POSTED: 1 DECEMBER 2005 - 3:30pm HST

Pueo Owl: The Protector

Click below hear owl call. The image is "Pueo" by Michael Furuya

Birds and Plants of Kauai:
Pueo: The Hawaiian Owl

The Pueo, or Hawaiian Owl, is a subspecies of the short-eared owl. The scientific name is Asio flammeus sandwichensis. It is an endemic species, which evolved in the Hawaiian islands and is not found naturally elsewhere. There is no fossil record of the Pueo before the Polynesians arrived here. That may be because the early Polynesians created a habitat that was suited for colonization by the Pueo.

The Pueo was revered by the ancient Hawaiians. It is the aumakua, or ancestral guardian, of many Hawaiian families, and was associated with skill in battle. An encounter with the Pueo is considered to be an omen.

The Pueo’s favorite habitat is open grasslands, fields and pastures; although they are sometimes found in lowland forests. They eat rodents and insects, and sometimes small birds. They are often seen hunting at dawn and sunset, hovering over their prey before diving down for the kill.

This owl nests right on the ground, in grassy areas. The Pueo lays three to six eggs over a few months, and the eggs hatch at different times. The young nestlings are vulnerable to feral cats.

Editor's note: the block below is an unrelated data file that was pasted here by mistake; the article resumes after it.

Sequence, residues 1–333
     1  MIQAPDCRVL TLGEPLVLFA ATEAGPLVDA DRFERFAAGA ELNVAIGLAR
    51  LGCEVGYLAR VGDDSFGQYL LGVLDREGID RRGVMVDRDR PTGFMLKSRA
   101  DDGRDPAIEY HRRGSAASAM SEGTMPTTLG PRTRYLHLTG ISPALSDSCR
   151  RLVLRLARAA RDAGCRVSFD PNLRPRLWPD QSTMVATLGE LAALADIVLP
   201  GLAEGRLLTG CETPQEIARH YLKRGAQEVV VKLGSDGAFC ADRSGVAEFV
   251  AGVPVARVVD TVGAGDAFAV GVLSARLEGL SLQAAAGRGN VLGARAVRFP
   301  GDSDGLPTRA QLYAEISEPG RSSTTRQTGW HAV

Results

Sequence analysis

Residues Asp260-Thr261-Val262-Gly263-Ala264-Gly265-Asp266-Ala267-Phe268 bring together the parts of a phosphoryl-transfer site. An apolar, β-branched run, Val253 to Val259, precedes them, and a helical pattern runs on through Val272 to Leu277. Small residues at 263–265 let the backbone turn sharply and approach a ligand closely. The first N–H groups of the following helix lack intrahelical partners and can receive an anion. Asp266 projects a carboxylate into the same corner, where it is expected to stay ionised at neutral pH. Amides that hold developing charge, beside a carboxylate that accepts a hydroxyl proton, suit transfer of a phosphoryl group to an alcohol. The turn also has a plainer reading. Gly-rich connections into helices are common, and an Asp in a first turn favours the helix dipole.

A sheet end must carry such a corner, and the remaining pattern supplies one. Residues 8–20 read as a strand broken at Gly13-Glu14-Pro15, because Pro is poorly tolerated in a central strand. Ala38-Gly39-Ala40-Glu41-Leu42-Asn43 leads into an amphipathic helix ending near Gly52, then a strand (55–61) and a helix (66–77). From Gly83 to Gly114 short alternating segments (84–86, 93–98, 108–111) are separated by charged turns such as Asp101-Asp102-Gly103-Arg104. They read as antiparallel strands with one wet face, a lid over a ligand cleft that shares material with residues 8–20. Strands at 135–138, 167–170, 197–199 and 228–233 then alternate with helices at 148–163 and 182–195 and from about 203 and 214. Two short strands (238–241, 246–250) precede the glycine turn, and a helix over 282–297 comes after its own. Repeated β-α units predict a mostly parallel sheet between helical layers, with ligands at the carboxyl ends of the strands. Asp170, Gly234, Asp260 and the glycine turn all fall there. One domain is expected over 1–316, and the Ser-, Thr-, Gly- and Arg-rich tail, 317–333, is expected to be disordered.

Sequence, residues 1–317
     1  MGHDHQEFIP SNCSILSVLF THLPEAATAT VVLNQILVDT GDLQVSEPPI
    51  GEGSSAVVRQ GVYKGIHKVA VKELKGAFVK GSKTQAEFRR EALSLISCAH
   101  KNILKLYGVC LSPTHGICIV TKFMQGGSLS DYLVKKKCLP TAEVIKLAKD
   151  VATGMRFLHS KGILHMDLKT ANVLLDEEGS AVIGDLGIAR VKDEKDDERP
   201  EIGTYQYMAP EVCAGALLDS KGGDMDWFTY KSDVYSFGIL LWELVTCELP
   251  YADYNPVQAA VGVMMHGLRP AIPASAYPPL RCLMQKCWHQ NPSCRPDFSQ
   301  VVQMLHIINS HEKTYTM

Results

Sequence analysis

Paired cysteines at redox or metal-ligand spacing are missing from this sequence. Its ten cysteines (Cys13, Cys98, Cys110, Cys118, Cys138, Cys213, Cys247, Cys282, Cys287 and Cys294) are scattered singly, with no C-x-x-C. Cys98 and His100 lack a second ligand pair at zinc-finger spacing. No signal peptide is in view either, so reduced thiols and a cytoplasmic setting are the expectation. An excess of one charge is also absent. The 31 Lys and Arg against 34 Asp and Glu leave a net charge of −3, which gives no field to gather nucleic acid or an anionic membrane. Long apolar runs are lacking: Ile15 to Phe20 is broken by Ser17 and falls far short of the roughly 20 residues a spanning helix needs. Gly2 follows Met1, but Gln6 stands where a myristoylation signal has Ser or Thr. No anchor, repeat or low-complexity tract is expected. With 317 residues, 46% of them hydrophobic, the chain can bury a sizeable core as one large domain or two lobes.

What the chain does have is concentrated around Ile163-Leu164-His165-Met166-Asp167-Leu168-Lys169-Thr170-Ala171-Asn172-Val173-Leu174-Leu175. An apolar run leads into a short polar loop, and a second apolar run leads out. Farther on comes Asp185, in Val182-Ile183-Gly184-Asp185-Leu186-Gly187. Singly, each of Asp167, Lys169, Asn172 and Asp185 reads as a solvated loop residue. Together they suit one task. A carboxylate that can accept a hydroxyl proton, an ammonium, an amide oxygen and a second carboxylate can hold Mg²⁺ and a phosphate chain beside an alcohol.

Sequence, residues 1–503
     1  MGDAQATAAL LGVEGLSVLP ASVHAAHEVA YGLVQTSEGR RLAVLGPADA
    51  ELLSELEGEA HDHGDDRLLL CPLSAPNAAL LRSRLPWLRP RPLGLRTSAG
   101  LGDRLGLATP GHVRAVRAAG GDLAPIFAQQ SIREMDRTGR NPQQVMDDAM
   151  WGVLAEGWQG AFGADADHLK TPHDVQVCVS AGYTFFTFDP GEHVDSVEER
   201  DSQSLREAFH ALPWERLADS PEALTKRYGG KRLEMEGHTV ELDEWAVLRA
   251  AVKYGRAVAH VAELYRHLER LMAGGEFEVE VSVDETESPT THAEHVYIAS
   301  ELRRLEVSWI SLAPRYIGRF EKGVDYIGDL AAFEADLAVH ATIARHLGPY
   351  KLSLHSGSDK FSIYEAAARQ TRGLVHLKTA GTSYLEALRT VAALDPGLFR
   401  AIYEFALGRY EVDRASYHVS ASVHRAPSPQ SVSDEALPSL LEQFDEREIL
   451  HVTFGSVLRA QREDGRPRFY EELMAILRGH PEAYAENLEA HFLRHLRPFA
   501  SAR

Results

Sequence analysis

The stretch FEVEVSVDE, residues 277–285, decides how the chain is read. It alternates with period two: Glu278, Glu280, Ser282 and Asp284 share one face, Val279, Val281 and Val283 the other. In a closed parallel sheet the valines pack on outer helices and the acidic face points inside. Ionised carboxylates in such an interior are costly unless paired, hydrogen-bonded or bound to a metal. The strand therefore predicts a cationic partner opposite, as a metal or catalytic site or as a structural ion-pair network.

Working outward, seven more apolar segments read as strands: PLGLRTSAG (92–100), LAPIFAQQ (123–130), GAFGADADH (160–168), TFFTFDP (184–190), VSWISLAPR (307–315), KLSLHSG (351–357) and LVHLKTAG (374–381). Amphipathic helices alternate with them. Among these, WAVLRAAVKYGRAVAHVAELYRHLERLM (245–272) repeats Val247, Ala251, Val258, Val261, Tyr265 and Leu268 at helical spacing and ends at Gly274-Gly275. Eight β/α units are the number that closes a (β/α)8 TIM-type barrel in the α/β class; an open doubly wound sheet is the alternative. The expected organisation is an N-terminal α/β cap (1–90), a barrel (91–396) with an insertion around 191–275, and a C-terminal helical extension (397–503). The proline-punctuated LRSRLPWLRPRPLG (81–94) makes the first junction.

The Pueo is a smaller owl, with yellow eyes and a round dark facial disk, and is 13-17 inches long. The only other owl found on Kauai is the Barn Owl, an introduced species, which has dark eyes and a heart shaped lighter facial disk, is usually larger than the Pueo, and hunts at night.

Look for the Pueo near Kilauea Point, from Kaumakani to Mana, and along lower Kokee road. We have seen them at Puolo Point near Salt Pond, and on the road to Poli Hale.

The glrassland of Puolo Point, near Salt Pond Beach Park, is home to several pueo owls

First light
beside a tall palm
pueo hovers

schar 6/25/05

The Birds of Kauai, by Jim Denny, University of Hawaii Press, Honolulu

For more on Hawaiian Nature see below:
Island Breath: Hawaiian Nature Menu
The Flora and Fauna of Hawaii
2 November 2005 - 10:30pm

Puhoehoe: Beach Morning-Glory It is a hardy, salt water resistant plant which is widespread in Hawaii
16 January 2006 - 12:00pm

Nui: The Coconut Tree This valuable plant was used for food, drink, thatching material, and fiber


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